U.S. Customs & e-APIS for Private Non-Revenue Made Easy: Part 3 – eAPIS Considerations

> | May 22, 2018 | 0 Comments
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U.S. Customs & e-APIS for Private Non-Revenue Made Easy: Part 3 – eAPIS Considerations
This business aviation blog post continues from our article last week entitled “U.S. Customs & e-APIS for Private Non-Revenue Made Easy: Part 3 – e-APIS Considerations.

eAPIS requirements for Part 91 (private non-revenue) GA differ from APIS mandates applicable to Part 135 (non-scheduled commercial) and Part 121 (scheduled commercial) operations. It’s important to avoid input errors, even small typos, when sending eAPIS transmissions.

The following is an overview of what you need to know:

1. eAPIS vs APIS

eAPIS is for private operations while APIS is for non-scheduled commercial. These are two different reporting systems with unique requirements. eAPIS is html format while APIS used UN/EDIFACT format. It’s important not to confuse the two when submitting eAPIS or APIS. For private non-revenue operators eAPIS revisions are necessary whenever crew or passenger information changes or if there’s a date of time change beyond the approved date of operation. More information on eAPIS can be found on CBP’s site.

2. Errors in eAPIS transmissions

If there’s an eAPIS transmission error – even a simple typo – this may result in a local agent recommending a fine. We’ve seen examples of these fines, and fine requests, and it can take weeks for an operator to determine if they’ve actually been fined.

3. Master crew list requirements

A Master Crew List (MCL) is only needed for non-scheduled commercial operations and these operators must also have Carrier IDs on file with CBP. TSA requires the MCL and keeps a data file on all crew using a particular Carrier ID to ensure that the crew have been vetted. Any changes to crew, or crew information, needs to be current and regularly updated on the MCL.

4. Customs decal requirements

Any operator arriving into the U.S., and using CBP services, must pay a fee for a U.S. customs decal. You can obtain this decal online, by submitting aircraft tail number, manufacturer and year of manufacture. A new decal needs to be obtained annually and it’s valid for the calendar year. Short notice requests are not an issue. As long as you request and pay for the decal online you can immediately present the receipt to CBP to prove payment.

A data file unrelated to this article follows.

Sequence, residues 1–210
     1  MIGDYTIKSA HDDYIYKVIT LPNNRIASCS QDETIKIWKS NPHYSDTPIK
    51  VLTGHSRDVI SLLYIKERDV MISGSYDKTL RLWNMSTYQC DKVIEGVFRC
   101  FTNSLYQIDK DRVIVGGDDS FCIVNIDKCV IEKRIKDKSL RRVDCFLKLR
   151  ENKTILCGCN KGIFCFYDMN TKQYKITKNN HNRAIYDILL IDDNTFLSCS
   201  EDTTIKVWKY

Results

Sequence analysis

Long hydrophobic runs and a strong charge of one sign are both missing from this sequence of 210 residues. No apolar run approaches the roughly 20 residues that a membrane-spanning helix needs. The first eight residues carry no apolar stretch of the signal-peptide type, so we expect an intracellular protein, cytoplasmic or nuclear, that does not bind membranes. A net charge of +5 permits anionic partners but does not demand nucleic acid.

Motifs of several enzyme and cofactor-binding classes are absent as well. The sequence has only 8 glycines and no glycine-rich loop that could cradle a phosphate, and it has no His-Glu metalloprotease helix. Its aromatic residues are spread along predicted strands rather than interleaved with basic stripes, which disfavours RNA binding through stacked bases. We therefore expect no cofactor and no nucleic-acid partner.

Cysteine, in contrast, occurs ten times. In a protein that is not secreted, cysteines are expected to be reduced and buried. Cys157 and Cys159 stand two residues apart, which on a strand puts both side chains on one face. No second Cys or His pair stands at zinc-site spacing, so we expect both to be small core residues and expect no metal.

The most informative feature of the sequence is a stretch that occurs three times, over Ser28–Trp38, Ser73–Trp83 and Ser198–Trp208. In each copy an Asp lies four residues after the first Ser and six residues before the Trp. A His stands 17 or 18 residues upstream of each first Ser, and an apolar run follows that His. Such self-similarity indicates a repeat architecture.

5. Where to clear CBP

On first arrival in the U.S., CIQ is usually cleared at a fixed base operator (FBO) or on the customs ramp. When making your CBP arrival notification, this is the time to ask the agent where clearance will be done. It’s always the responsibility of the pilot in command to know where CIQ will be cleared. If clearance is on the customs ramp, the tower will generally advise you where to go. For FBO clearances you’ll proceed directly to the FBO. There are certain times when you’ll clear CIQ onboard the aircraft – perhaps during a tech stop, where everyone stays onboard, or if the aircraft is going to a hangar. This all depends, however, on the airport. Based upon the number of passengers onboard, and/or size of the aircraft, you may be required to clear at a terminal gate. In this case where a gate is needed, passengers will normally clear CIQ along with scheduled commercial passengers. At Las Vegas (KLAS), for example, a “gate arrival” is required if a GA aircraft has 20 or more passengers onboard. Keep in mind that a gate request must be coordinated separately with the airport authority and not CBP. This requires additional planning as CBP, for example, may be available at the time you want but a gate may not be available, or vice versa.

6. Crew responsibilities upon arrival

Wherever you arrive at the airport – an FBO, customs ramp or terminal gate – it’s important that no passengers depart the aircraft until CBP gives the go-ahead. If any passengers exit prior to CBP giving permission the crew/operator may be fined. These fines may be steep and the operator, potentially, runs the risk of being denied the right to clear CIQ anywhere in the U.S. When passengers are being processed by CIQ it’s recommended that the crew be present, although this is not a requirement.

7. Additional Reading: U.S. customs and APIS for part 91

Note: Links will be updated as articles are published.

Conclusion

CBP clearance procedures and locations vary depending on the particular airport. Best practice is for crews to be aware, in advance, of all procedures, and any unique CBP requirements/ preferences, at the intended airport of arrival.

Questions?

If you have any questions about this article or would like assistance arranging eAPIS or CBP clearance, contact me at juanmuniz@univ-wea.com.

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Juan Muniz, Manager of Global Regulatory Services with Universal Weather and Aviation, Inc., is an expert on U.S. regulations, Mexico operations and permits. Juan has helped operators obtain hundreds of charter and private permits, using his knowledge of the process and close working relationship with Mexican civil aviation authorities and airport officials. Juan’s knowledge also extends to other regulatory issues such as: TSA Waivers, Border Overflight Exemptions, all CBP/APIS notifications, Universal’s Visa Waiver Program, European Union Emissions Trading Scheme, and more. Juan can be reached at juanmuniz@univ-wea.com.

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